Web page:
Rates of post-traumatic stress disorder diagnosed by the Army also jumped in 2007, increasing by 50 percent.
A recent study by the RAND Corp., a health and government policy research program, showed one in five returning veterans from Iraq and Afghanistan report symptoms of post-traumatic stress disorder or major depression.
Of the nearly 1.6 million troops deployed to Iraq and Afghanistan, 300,000 have reported symptoms, yet only 53 percent of those sought help from a medical provider over the last year, according to the RAND study.
The U.S. Department of Veterans Affairs recently announced an effort to ramp up suicide prevention with the creation of an advisory panel.
The Department of Defense also announced it will expand the network of mental health care providers who accept the military’s TRICARE health plan and teach civilian providers how to screen for traumatic brain injury.
In New Hampshire, nearly 125,000 veterans have returned from Iraq and Afghanistan and 28,000 are registered for medical coverage with the Manchester Veterans Administration Medical Center, according to Debra N. Krinsky, a spokeswoman for the center.
Krinsky said many veterans in the state go to the White River Junction Veterans Administration Medical Center in Vermont, and with veterans traveling out of state for treatment, it’s impossible to pin down exactly how many of the state’s veterans are being treated for service-related injuries.
Statistics on the number of veterans in the state diagnosed with post-traumatic stress disorder are not available.
Nine of 14 research studies at the Manchester medical center this year focus on post-traumatic stress disorder, according to center officials. The research is funded through grants from the Veterans Administration, the National Institute of Mental Health, the U.S. Army and the American Society of Addiction Medicine.
Paige says many soldiers returning from war are discouraged from seeking help because of the stigma attached to a mental health diagnosis.
They also face mountains of paperwork and frequent office visits to file claims with the Veterans Administration, Paige said.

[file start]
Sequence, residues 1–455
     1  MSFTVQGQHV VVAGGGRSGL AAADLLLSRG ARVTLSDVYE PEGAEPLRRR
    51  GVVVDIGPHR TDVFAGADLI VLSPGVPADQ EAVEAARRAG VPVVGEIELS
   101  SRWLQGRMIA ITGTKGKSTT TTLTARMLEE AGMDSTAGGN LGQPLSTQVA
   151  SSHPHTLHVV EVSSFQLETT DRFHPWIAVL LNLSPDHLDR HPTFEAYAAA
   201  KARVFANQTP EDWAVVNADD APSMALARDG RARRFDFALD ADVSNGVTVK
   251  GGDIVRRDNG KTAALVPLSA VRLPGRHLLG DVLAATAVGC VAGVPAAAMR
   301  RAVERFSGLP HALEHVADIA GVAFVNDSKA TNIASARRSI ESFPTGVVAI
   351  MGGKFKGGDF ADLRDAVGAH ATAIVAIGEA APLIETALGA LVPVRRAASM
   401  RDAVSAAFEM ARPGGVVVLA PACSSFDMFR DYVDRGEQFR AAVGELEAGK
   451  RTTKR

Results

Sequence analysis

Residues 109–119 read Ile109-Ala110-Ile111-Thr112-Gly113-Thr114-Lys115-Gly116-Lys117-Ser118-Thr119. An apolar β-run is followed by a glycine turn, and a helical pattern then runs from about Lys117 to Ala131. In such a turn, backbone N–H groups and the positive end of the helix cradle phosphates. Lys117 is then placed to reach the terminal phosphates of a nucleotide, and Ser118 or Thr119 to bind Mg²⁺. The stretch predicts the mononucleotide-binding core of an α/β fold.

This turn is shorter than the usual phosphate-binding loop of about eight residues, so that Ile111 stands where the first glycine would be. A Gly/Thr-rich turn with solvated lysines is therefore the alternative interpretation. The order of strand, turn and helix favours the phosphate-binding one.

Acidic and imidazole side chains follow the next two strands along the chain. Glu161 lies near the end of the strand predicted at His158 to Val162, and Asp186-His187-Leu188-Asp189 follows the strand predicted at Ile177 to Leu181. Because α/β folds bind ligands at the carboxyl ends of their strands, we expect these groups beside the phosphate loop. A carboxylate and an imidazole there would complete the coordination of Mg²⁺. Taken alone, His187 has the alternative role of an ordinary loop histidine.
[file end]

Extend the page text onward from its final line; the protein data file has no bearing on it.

Many are referred to Granite Hills by the veterans center in White River Junction, Vt. Others come after being treated at area emergency rooms or walk in from the streets.
For some veterans, getting counseling in Keene is easier than traveling to White River Junction or Manchester, which are each about 60 miles away.
The centers are also overloaded, meaning the average counseling session lasts about 20 minutes there, Paige said.
In contrast, at Granite Hills veterans are scheduled for hourly sessions, and sometimes stay longer if they need extra time, he said. They usually begin group therapy weeks or months after their counseling begins.
Since he is the only counselor at the center working full-time with veterans, the number of veterans who can receive treatment locally is limited, Paige said.
But funding at Monadnock Family Services and other counseling services around the state is tight, making it difficult to beef up veterans counseling staff.
“The Easter Seals, the Veterans Administration, the federal government and the Army all have a lot of money they want to shift toward the vets,” Paige said. “The problem is they haven’t quite figured out how to shift it down here to the trenches.”
In the meantime, several veterans gathered at the group counseling meeting in Keene last week say they have to wait months, and in some cases years, to get treatment for medical and mental health problems related to their time in the service.
For the Veterans Administration to cover the cost of treatment, veterans have to file claims that take an average of nine months to receive approval. Denied claims can be held up in the appeal process for more than two years, Paige said.
But the veterans who take part in the Keene group meetings say in the end, not coming in for help would be worse than jumping through the federal hoops.
“The more and more you wait around, the more and more isolated you feel and the worse all those feelings become,” said one veteran of the Gulf War at a weekly group meeting. “At least here we can talk to each other about it and feel like someone understands.”
Casey Farrar can be reached at 352-1234, extension 1435, or firstname.lastname@example.org.